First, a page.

This band saw is BIG on everything except size. It features a full 24" of throat capacity, yet it's small enough to fit on a bench. It's loaded with features that even the commercially made saws lack, like a built in sliding crosscut table, ball bearing blade guides, and a unique dust collection manifold. You can use common 104"-105" blades and the best part is, it's made almost entirely from wood!
This is the ultimate table saw improvement! Not only does it add a giant work area to your bench top or contractor style saw, it can be combined with some of our other homemade tools to create an entire workshop in a 4X8 foot area! There are also sixteen drawers, several storage shelves, and room for various other small machines. Add a bench top drill press and a mini lathe, you name it! (There's even a built in lumber rack, for goodness sake!)
Router planes are amazing tools, but they are also largely misunderstood. And that's a shame, because they are extremely useful in both a hand-tool and a power-tool workshop. Rather than cutting profiles, as a modern router does, a router plane is for cutting to depth with precise accuracy. They can be used to make the bottom of a table saw dado perfectly flat. They can fine tune a rabbet or a tenon. They are the perfect companion to many power tools with nearly unlimited uses.
My version of the router plane is easy to make from a scrap of wood and some easy to find hardware. And unlike other homemade versions, this has a micro-adjuster to set the depth and shaving thickness.
This horizontal router has a few unique twists that make all the difference, like a tilting table, a micro adjustable router lift, a sliding table and much more. The machine is great for making raised panel doors, cutting miters and bevels, making splined miter joints for boxes, locking miter joints, half lap joints, rabbets, tenons... the list goes on and on. Plus it has excellent dust collection, and the tilting table makes it possible to cut unique, one of a kind profiles with ordinary router bits!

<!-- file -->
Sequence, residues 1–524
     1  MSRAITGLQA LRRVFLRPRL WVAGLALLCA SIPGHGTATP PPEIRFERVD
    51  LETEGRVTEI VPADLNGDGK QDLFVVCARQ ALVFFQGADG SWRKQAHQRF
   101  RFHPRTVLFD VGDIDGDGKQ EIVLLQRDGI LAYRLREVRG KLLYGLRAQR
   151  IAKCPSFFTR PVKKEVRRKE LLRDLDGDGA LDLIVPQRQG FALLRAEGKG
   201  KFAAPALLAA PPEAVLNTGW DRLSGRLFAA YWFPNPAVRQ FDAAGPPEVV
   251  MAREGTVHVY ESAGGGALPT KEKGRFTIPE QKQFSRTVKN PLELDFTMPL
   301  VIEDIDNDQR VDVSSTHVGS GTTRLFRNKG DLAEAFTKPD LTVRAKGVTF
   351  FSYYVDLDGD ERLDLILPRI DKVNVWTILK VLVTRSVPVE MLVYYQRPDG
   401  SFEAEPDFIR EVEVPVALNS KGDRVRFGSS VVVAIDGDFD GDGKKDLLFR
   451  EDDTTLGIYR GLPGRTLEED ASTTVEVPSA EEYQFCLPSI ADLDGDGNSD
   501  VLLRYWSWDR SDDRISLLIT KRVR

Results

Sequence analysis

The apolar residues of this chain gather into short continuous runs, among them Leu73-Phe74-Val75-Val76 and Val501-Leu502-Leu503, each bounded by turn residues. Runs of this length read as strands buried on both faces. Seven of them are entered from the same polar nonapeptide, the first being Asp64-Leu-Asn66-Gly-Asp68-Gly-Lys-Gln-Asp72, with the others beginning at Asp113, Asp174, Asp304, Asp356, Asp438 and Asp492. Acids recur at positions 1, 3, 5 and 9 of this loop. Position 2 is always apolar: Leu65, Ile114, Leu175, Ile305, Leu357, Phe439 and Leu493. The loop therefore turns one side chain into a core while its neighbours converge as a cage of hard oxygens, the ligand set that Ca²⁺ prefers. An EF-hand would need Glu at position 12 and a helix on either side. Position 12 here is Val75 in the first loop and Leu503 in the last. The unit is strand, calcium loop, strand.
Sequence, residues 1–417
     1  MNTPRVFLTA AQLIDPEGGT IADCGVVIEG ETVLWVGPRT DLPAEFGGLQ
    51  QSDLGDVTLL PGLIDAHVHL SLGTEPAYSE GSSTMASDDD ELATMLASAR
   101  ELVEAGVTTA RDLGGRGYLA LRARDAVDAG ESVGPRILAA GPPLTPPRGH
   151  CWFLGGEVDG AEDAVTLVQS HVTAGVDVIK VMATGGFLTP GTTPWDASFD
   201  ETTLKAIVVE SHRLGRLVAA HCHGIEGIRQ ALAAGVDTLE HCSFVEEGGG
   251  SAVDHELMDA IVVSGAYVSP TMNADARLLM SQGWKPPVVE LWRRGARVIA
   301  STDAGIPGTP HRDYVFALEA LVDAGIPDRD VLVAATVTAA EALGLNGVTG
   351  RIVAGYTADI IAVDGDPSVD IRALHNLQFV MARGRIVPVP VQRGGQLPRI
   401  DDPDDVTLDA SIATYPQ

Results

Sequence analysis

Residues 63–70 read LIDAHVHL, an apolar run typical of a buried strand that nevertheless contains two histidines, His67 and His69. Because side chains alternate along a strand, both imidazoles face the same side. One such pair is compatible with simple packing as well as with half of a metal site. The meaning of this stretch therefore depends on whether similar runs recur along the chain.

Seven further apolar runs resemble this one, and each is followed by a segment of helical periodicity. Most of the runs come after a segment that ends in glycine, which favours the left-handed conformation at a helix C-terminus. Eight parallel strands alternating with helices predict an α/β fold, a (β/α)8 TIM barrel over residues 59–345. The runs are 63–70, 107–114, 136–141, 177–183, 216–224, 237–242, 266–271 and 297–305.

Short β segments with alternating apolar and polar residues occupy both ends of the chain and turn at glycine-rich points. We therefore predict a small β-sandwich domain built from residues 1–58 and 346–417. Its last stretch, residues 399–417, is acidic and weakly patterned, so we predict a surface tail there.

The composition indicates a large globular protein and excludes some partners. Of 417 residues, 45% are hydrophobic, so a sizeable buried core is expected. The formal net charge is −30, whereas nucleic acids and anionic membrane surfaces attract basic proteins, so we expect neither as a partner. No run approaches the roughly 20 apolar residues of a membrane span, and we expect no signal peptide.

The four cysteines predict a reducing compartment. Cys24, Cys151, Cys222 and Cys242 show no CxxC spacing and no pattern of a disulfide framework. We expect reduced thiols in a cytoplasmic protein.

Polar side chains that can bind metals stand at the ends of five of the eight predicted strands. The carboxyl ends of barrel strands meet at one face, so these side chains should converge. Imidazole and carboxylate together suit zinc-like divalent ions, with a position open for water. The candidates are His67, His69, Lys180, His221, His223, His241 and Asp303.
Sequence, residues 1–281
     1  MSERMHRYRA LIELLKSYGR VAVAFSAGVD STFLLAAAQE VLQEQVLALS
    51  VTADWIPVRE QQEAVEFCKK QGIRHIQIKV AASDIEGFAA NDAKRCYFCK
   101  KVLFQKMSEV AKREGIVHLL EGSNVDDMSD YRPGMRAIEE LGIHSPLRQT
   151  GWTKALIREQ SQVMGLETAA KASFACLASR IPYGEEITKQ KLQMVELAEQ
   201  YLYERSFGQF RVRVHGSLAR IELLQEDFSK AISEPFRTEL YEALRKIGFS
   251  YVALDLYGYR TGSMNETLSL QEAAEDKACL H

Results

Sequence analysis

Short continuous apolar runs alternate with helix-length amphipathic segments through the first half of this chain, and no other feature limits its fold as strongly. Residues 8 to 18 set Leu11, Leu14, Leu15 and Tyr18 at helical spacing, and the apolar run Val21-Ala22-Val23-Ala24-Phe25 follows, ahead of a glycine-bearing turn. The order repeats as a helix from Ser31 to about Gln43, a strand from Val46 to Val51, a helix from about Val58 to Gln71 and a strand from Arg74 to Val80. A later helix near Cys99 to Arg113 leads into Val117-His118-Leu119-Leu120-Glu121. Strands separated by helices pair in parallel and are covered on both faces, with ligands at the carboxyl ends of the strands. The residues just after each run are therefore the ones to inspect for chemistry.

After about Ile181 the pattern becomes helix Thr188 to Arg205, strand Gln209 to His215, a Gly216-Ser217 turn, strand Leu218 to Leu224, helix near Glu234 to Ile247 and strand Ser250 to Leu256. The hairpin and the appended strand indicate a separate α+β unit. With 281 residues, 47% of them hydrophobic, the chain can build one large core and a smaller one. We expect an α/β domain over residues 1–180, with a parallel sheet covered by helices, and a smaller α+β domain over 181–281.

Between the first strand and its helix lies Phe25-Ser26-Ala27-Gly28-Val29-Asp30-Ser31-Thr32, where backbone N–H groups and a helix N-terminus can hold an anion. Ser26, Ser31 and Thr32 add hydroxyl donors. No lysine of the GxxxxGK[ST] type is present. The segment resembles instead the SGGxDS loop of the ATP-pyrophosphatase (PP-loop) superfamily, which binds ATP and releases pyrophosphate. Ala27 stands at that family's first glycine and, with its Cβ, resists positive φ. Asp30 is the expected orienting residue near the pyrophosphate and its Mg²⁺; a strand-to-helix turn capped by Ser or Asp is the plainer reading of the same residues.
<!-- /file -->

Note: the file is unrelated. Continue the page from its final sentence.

These homemade spring clamps are easy to make, and cost almost nothing (assuming you have some scrap wood and rubber bands laying around.) They're great for light duty clamping, and make an excellent project for kids- just be sure to supervise while they use the band saw or scroll saw. The link below will provide you with patterns for a large and small version.
This lift features an improved tracking mechanism, adjustments are made from above the table using a 1 1/8" socket or wrench, it attaches to a homemade router plate, and will go into almost any router table that has a removable plate. Or you can use it by itself as a stand-alone mini router table! The plans are designed for a standard 3 1/2 - 3 3/4" round, removable router motor.
A mini cyclone designed to keep your filter clean and your vacuum working hard! There are commercial versions on the market, but ours is easy and inexpensive to make, and will mount directly on your vacuum so you don't have to pull a separate bucket around. Vacuum surgery is optional, and we walk you through the whole thing! This project was featured on episodes 51 & 52 of "The Stumpy Nubs Workshop".